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  #1  
Old 01-27-2022, 01:50 PM
Koelemon68 Koelemon68 is offline
 
Join Date: Jun 2021
Location: Haslet, TX
Posts: 9
Default O-320-D2J

I have a O-320-D2J on my 7. I am looking for information on when to use the carburator heat. The Lycoming operating manuelsays:

(5) Landing Approach In making a landing approach, the carburetor heat should usually be in the Full Cold position. However, if icing conditions are known or suspected, the Full Heat should be applied. In the case that full power need be applied under these conditions, as for an aborted landing, the carburetor heat should be returned to Full Cold prior to full power application. See the aircraft flight manual for specific instructions. As a safety measure, there is no objection to the use of carburetor heat during landing approach provided that on a go-around, or touch-and-go landing, the carburetor heat is returned promptly to the cold position.

I know we are not flying a Cherokee or a Cessna but the Piper says not to use carb heat for landing, where Cessna (Lycoming) says to use carb heat at lower power settings.
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  #2  
Old 01-27-2022, 02:18 PM
jrs14855 jrs14855 is offline
 
Join Date: Apr 2008
Location: Lake Havasu City AZ
Posts: 2,772
Default Carb Heat

With the standard carburated Lycomig the carb is mounted to the bottom of the oil sump. The sump transfers at least some heat into the carb. The second factor is that the tighter cowls on RV's keep the carb warmer. The so called carb heat on many homebuilts is more of a alternate air in many cases. It all depends on the design of the hot air intake and whether there is a proper heat rise with carb heat on.
Also consider the power setting when you apply carb heat. If you apply carb heat on downwind abeam the numbers and almost immediately reduce the power to near idle you will not get much heat.
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  #3  
Old 01-27-2022, 04:22 PM
PilotjohnS PilotjohnS is offline
 
Join Date: Jan 2016
Location: Southwest
Posts: 2,175
Default Just Me

I would think that if the go around is initiated at an airport that doesn't require full power to clear an obstacle, and the air temp is in the danger zone (OAT at 65F) then I think one has to be careful of icing during go around. I think following the manual is prudent, just be aware that icing can occur on go around on a 65F day.
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  #4  
Old 01-28-2022, 06:59 AM
fixnflyguy fixnflyguy is offline
 
Join Date: Jan 2006
Location: Winston-Salem, N.C.
Posts: 1,536
Default My experience (RV-4)

I have an O320H2AD 160hp that was liberated from a Cessna 172, with a MA4SPA carburetor..pretty straightforward set-up, with per plans Vans FAB. During run-up and standard carb heat check, I can barely see a drop in RPM, and most others will probably agree similar results. I use it during landing decent most of the time when temps are below 60 or so, mostly because I'm conditioned to my old T-Craft (always us CH). I have purposely used it on cold and hot days, and initiated go-around just to see the effect. My CH knob is located on my panel forward of the throttle quadrant lever, and if I point my fore finger out advancing throttle closes CH simultaneously. The RV's have such good performance, leaving it on isn't going to kill your climb dramatically like some spam cans may experience. As others have said, the tight cowl and warm oil sump arrangement on Lycos are keeping things warm anyway.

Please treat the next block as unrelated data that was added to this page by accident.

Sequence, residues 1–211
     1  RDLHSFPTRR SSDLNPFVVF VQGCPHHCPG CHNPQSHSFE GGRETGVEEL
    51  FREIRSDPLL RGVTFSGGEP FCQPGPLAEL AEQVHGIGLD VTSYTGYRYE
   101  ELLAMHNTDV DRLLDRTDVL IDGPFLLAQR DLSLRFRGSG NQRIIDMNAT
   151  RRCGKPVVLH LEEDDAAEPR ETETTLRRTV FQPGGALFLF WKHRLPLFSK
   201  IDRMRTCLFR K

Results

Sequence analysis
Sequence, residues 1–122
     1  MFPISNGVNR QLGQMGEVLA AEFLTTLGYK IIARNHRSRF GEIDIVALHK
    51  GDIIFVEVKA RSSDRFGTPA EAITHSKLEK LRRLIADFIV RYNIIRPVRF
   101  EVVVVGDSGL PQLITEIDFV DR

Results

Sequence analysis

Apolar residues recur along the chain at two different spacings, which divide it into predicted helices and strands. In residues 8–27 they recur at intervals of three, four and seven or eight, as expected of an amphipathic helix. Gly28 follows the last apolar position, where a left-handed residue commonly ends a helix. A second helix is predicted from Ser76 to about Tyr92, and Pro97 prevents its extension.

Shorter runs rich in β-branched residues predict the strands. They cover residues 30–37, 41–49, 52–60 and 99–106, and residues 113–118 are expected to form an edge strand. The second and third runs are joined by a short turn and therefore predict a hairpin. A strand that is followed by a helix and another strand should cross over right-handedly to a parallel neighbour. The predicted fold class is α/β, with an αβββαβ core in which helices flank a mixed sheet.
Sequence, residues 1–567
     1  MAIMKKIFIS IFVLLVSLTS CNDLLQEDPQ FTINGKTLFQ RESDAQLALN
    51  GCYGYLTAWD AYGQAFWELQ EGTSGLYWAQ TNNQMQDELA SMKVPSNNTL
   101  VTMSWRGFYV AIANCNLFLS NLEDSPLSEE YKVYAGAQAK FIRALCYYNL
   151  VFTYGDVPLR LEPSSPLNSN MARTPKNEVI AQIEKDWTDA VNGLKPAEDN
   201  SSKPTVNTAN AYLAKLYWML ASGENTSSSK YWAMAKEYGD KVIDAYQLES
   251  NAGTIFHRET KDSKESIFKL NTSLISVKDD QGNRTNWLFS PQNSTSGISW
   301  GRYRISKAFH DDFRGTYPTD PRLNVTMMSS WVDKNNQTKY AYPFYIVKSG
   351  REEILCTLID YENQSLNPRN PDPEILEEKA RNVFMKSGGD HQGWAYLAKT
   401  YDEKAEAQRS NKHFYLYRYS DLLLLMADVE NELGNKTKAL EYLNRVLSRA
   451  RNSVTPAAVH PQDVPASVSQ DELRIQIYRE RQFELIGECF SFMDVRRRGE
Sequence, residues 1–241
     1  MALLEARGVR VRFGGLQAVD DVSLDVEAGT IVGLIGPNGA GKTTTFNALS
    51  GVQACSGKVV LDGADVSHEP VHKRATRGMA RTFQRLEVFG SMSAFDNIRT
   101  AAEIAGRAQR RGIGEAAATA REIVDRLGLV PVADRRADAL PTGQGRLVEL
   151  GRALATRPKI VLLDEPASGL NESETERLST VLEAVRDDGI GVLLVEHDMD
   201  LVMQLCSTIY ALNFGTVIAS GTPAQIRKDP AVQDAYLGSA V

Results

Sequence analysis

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  #5  
Old 01-28-2022, 07:09 AM
Kyle Boatright Kyle Boatright is offline
 
Join Date: Aug 2005
Location: Atlanta, GA
Posts: 4,858
Default

Quote:
Originally Posted by Koelemon68 View Post
I know we are not flying a Cherokee or a Cessna but the Piper says not to use carb heat for landing, where Cessna (Lycoming) says to use carb heat at lower power settings.
Is there a real downside of using carb heat on approach? If not, why not use it - its free and might keep your engine running one day.

I will say, carb ice is very, very rare in Lycomings. I've experienced it exactly once that I'm aware of.
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Marietta, GA
2001 RV-6 N46KB
2019(?) RV-10
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  #6  
Old 01-28-2022, 07:26 AM
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Snowflake Snowflake is offline
 
Join Date: Oct 2009
Location: Sidney, BC, Canada
Posts: 4,267
Default

Quote:
Originally Posted by Kyle Boatright View Post
I will say, carb ice is very, very rare in Lycomings. I've experienced it exactly once that I'm aware of.
This is highly dependent on your climate. Where you are in Georgia it may be warm and dry enough that you never see carb ice. Here in Canada I see carb ice conditions for about half of the year. I regularly find carb ice on the ground after a long taxi, and occasionally get a carb ice cough on descent. (O-320 E2D)

FWIW, the Robbinswings muff on my crossover pipes gives me a clear 40-50 rpm drop during runup. It's definitely adding heat to the system that wasn't there before. The stock "snorkel" carb heat never registered on the gauge at all.
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  #7  
Old 01-28-2022, 09:09 AM
David Paule David Paule is offline
 
Join Date: Dec 2009
Location: Boulder, CO
Posts: 5,264
Default

Get an ARP carburetor ice detector. I have one on my Cessna and am installing one in the O-320-D2A on my RV-3B. They work very well.

It has a probe in the venturi that senses actual ice and turns on a light. In the Cessna, it's been reliable for years. When the light comes on, pull on some carb heat. No light, no heat. Don't bother with a carb air temp gauge, get one of these things.

Dave
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